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Knit natural gas commercial (illustrates the usefulness of shooting things in reverse! This was done by unravelling and snipping off the threads for each frame.)

(blue-screen to make things float above a background):

Duckie and Chickie afloat

My first novel!

This is a 20-page narrative, written for my twin nieces, about the escapades of a pair of farmyard reprobates – Duckie and Chickie. It has been variously described as “disgustingly adorable” and “a scientists’ approach to Getting Along”, but you can’t listen to everything the critics say.

I started it with the strong idea in mind of two characters who have differing abilities, but work together to get in and out of mischief.

Apparently I have to write another one for next Christmas… and until they’re 18. It’s a lot of work, but I do want to find out what was shining on that island…

Brushpen, watercolour, digital jiggery-pokery and InDesign, printed in hardcover through Blurb.

Duckie and Chickie Afloat – pdf for web

Google pannier

Well, the gorgeous pannier in the shop looked like being over £120, so I decided to make do and modify… I took a Google Science Fair 2011 tote, and with a few tweaks turned it into a lightweight almost-free pannier bag.

The main changes have been to insert a bamboo strut to brace the top and U-shaped bamboo strip to shape the side, then darting the bottom to ensure there are no excess corners to flop about and get caught in the spokes. A pair of clipped straps for holding everything in, a shoulder strap for hauling it about, and thermoplastic clips to attach it to the bike, and I’m pretty pleased with it! Time for a test run…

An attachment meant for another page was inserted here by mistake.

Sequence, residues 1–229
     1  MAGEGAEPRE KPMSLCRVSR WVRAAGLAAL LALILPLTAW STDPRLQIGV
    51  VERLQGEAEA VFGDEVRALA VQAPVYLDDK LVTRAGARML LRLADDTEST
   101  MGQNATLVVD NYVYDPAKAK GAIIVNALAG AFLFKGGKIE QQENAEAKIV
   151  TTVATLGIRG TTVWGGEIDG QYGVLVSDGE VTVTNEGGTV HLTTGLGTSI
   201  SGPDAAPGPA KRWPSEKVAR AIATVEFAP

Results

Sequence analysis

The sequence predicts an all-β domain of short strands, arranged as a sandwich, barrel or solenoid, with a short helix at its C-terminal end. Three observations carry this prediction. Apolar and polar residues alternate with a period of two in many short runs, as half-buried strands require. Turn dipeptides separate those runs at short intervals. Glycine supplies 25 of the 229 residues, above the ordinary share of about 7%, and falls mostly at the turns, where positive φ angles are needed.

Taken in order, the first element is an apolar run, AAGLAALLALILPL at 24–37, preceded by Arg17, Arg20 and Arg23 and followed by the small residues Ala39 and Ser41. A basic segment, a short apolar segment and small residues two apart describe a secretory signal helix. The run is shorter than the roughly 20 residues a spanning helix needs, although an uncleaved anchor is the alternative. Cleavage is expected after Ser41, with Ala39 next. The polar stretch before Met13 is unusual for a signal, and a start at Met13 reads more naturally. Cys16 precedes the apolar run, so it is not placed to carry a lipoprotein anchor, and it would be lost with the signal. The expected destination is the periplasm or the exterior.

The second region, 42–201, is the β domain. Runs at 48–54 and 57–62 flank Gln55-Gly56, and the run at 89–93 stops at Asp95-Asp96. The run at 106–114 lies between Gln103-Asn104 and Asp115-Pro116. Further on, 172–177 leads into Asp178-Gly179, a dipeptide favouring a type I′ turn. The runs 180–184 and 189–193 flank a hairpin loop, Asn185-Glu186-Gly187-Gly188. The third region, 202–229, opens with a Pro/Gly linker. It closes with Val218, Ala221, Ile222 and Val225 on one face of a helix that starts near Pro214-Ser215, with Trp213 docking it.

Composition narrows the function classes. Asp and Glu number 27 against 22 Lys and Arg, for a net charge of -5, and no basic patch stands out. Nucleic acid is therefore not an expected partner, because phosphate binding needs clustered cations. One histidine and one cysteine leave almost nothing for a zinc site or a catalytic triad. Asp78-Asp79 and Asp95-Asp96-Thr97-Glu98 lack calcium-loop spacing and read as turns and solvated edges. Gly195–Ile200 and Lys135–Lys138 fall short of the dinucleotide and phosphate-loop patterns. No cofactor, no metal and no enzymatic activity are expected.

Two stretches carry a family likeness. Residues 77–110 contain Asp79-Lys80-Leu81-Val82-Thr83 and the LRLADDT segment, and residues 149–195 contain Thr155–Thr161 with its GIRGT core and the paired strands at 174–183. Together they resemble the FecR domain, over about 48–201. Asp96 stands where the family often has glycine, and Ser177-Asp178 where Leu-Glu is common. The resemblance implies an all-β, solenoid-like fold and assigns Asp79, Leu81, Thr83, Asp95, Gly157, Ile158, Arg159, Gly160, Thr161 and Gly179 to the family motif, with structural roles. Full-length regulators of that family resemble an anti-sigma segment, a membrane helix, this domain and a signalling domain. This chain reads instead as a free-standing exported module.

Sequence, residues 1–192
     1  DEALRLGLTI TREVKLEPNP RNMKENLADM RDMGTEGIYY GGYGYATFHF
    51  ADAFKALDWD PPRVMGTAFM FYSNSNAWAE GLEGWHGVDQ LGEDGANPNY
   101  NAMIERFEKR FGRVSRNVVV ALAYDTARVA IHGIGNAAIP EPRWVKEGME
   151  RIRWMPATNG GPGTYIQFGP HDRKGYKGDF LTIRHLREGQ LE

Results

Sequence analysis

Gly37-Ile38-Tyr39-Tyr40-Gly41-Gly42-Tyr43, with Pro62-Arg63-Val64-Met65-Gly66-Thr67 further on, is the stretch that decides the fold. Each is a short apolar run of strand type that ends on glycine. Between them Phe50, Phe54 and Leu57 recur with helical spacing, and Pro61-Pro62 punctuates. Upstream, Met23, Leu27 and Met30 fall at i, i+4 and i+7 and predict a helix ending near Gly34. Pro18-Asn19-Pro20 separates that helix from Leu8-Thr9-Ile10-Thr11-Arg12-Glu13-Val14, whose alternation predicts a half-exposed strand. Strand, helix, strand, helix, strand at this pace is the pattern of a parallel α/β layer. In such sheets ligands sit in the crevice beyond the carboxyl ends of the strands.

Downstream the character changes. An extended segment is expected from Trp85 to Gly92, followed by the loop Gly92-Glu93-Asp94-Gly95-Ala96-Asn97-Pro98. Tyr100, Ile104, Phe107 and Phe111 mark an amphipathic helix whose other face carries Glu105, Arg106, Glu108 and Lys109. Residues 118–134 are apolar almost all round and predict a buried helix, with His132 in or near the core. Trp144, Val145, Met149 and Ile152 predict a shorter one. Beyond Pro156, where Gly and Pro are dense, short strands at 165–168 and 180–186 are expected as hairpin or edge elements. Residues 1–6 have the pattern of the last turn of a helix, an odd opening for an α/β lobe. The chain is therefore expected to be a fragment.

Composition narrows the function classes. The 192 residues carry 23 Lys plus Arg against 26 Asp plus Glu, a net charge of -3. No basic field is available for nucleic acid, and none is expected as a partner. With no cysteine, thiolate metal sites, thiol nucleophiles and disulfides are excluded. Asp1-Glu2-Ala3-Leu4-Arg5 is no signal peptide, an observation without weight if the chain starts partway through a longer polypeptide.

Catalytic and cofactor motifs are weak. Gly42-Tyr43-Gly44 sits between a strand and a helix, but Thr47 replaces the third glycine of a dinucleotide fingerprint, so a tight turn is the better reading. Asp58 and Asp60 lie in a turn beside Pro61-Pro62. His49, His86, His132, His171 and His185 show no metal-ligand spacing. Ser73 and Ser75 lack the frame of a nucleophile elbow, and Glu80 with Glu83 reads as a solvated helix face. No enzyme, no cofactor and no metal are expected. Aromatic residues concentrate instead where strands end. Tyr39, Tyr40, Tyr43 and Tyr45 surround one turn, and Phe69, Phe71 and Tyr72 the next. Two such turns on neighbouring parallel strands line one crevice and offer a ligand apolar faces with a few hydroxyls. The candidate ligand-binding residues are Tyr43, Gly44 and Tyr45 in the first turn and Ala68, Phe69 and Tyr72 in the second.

Tree box

After mentioning part of a plot kicking around my head involving a tree in a closet, Alia requested a little cupboard with a tree in it for her birthday. I found this little key cupboard in TKMaxx, and have finally got around to assembling it.
Perhaps 4 hours, lots of scratches and some happy later, here is a cupboard with a tree in it, for hanging earrings and other jewellery on.

Lime Green Lunch

I was feeling the need for a new lunch sack.  The design is perfect for making drybags, but in this case the ripstop nylon, although eye-catching, is distressingly permeable.

That’s a gallery, inserted…

Micron sketch

Sometimes it’s just really nice to have new pens…

Home Hacks – Averting the Coatpocalypse

The household of four active, outdoorsy and outgoing people (with guests) accumulates a truly mind-boggling array of coats, jackets, hats, shoes, boots, brollies and other highly useful detritus. The coats especially thrive in the oddly-shaped cupboard under the stairs, forming thick mounds over the rack of coathooks, like very well-insulated stromatolites. I assume they feel at ease in the dark and chill.

However, it’s ruddy infuriating trying to find a coat when they get three or four thick, co-mingling with their brethren from other hooks until extracting your jacket is like finding one particular onioney layer in a sock full of onions. Ahem.

The solution! A stray pull-up bar, to the rescue! It’s much sturdier than your standard curtain rail, so in conjunction with a large number of coathangers it can support the weight of a whole bunch of coats. It’s also so much more user-friendly: you can differentiate coats at a glance, and even extract them without climbing into the cupboard and engaging Coat-thulu in hand-to-hand combat!

Now if only we could devise a way to head off Shoemageddon…